Development money from Canada in a human rights framework: we actually have a law about that

It wasn’t just the MSM that made it uncomfortable for Fantino to fund a homophobic organisation working in Uganda,  there was more traffic around this issue from individuals tweeting, on FB and other sites that made the issue loud and thus forced it more broadly into the public sphere  Fantino would have done nothing if it were in one or two articles, he did something because the issue was made loud by indiviudals who cared and who did something – even as simple as a tweet or two to get it ‘out there’.

Given the horrific and rampant homophobia of the Ugandan government  – and therefore the obvious danger to life and security for LGBTQ2S citizens of Uganda, it is unpardonable that Fantino would so willingly add credence – even indirectly – to this grave human rights abusive situation by funding a group that falls in line with the Uganda government’s policies.

It’s important that folks who give a damn about human rights and development get to know the Official Development Assistance Accountability Act. It was assented in 2008. As stated in the Act:

Purpose

2. (1) The purpose of this Act is to ensure that all Canadian official development assistance abroad is provided with a central focus on poverty reduction and in a manner that is consistent with Canadian values, Canadian foreign policy, the principles of the Paris Declaration on Aid Effectiveness of March 2, 2005, sustainable development and democracy promotion and that promotes international human rights standards.

And finally, while it is true that Fantino is reviewing the funding to the group, it is not confirmed that he has pulled the funding, rather, it is under review. While I hope it is going to happen, it is not yet confirmed. THUS, it is really important we keep all the above in the public light.

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2 responses to “Development money from Canada in a human rights framework: we actually have a law about that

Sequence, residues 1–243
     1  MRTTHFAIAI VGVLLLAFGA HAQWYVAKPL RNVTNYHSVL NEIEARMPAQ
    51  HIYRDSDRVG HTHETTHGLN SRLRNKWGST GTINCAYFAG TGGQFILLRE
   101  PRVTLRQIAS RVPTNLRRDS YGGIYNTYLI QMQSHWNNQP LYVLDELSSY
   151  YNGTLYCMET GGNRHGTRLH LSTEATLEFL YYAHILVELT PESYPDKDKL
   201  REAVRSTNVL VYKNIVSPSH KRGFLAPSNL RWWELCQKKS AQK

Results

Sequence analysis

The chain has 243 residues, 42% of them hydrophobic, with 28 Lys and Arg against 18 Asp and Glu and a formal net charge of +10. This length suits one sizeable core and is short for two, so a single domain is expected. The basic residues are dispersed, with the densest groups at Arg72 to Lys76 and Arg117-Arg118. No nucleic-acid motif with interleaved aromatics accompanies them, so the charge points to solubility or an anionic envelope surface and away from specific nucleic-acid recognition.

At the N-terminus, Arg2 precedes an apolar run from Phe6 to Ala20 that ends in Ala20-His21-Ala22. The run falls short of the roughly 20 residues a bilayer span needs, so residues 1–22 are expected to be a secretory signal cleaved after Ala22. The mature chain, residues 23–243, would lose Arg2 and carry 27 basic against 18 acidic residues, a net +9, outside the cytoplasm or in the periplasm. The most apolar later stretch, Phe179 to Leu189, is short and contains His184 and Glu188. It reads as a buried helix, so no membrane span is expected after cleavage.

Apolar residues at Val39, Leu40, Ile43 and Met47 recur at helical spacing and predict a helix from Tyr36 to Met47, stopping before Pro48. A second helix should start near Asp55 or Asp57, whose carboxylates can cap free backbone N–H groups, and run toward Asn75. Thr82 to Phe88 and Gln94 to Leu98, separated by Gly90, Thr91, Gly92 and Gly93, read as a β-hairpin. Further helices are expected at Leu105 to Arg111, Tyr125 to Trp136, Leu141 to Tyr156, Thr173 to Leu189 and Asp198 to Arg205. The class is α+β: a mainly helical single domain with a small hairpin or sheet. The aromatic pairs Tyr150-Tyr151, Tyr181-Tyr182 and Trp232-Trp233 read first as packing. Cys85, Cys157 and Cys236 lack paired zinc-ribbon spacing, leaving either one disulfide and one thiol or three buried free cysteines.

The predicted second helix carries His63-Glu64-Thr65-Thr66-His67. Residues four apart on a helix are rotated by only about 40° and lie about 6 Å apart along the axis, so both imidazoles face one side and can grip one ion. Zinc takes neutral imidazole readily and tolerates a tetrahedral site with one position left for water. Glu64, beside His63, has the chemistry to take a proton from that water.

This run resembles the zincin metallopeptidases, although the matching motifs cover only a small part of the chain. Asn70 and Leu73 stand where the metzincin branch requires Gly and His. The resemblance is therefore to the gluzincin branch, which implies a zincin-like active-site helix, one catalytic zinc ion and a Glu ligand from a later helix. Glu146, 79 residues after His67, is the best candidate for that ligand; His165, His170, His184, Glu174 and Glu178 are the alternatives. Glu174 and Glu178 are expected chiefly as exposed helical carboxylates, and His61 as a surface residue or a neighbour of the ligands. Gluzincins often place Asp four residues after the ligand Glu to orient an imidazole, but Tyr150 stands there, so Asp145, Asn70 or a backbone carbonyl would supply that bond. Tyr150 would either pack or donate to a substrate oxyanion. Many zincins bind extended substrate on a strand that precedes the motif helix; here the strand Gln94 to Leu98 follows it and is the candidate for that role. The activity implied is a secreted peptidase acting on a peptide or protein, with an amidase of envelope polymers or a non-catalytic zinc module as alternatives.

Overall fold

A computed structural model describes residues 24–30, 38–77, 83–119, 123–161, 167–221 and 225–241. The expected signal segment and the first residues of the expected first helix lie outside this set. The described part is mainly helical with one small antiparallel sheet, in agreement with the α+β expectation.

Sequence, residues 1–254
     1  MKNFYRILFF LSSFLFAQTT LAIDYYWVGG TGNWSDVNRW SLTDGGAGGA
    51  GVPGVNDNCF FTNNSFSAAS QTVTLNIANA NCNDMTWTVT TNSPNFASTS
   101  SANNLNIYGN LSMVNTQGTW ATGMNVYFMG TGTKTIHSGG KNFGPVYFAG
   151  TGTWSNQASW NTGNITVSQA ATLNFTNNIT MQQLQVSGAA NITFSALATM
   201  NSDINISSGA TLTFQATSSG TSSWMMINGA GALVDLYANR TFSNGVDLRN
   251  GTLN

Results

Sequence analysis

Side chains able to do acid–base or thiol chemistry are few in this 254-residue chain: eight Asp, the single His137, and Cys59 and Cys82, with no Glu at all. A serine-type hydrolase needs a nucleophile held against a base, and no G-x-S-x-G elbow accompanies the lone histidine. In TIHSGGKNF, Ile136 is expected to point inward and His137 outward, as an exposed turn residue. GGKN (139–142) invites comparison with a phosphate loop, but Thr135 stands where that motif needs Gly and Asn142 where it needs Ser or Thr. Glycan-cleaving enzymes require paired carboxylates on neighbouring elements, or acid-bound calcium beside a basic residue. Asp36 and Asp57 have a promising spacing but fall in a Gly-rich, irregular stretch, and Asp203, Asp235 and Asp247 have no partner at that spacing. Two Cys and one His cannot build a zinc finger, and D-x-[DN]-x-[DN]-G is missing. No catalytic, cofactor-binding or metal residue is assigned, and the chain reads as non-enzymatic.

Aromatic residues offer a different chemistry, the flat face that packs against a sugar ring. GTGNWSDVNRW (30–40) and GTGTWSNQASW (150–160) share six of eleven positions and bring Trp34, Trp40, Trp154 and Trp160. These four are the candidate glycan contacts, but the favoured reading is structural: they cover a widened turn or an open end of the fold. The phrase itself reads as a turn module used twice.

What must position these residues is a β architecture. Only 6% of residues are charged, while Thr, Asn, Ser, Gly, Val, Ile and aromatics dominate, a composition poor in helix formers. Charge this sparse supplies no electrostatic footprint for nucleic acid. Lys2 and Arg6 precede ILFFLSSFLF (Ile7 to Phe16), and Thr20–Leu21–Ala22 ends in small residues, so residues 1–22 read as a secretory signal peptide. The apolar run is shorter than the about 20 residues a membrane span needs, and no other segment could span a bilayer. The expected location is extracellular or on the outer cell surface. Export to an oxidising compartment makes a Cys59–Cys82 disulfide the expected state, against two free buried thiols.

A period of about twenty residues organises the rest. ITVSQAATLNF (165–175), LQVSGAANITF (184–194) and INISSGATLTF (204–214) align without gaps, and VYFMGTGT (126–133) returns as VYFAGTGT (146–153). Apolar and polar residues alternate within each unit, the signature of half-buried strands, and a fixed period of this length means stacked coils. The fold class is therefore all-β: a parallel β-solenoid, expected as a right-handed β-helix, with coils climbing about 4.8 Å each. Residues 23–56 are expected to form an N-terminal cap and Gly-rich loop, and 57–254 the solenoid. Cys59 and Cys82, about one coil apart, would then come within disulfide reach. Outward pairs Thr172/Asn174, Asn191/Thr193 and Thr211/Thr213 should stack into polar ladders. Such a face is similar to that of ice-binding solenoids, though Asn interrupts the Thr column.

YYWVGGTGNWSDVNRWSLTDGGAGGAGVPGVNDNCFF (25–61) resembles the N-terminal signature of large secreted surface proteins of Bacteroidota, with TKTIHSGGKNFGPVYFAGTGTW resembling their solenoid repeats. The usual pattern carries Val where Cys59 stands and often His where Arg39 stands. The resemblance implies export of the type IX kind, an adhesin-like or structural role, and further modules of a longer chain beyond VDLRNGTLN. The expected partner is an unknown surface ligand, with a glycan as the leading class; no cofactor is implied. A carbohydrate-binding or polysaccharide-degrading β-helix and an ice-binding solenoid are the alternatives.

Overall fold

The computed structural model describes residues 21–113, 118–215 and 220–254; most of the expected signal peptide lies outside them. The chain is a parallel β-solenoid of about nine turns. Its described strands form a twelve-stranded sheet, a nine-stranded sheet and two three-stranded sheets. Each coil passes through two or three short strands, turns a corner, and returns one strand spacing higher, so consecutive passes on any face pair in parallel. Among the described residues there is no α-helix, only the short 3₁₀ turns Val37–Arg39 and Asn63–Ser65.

1. Unfortunately this government has all but ignored the 2008 ODA Act. Another fantastic example is CIDA’s partnerships with mining corporations. The entire strategy is infused by an ODA strategy that is integrated within Canada’s greater foreign policy objectives.

    More specifically, this government has helped establish a Canada-first development program – more at: http://cpallag.wordpress.com/2013/01/27/3/

    Good post.

    • Thanks for the above link. Glad to have found your post and your blog. For me, I don’t event think I would call what the government is doing an ODA strategy. It was years before they ever released anything like a policy strategy for the Americas, for example, and when they did it was done at invite only day long ‘colloquium’ and they didn’t even call it their policy. They (in Ablonczy) just kept talking about the kinds of things they were going to do regarding trade and education (and the trade of education for foreign students). Likewise, one could hardly say that there is a decisive Aid policy of any kind, given, as you and I both note, the wanton disregard for standing Canadian policy that provides the framework for what an articulated policy on foreign affairs, foreign aid, etc. ought to be based on. Thus, given they ignore the ODA – I guess we could say that that’s their policy?!

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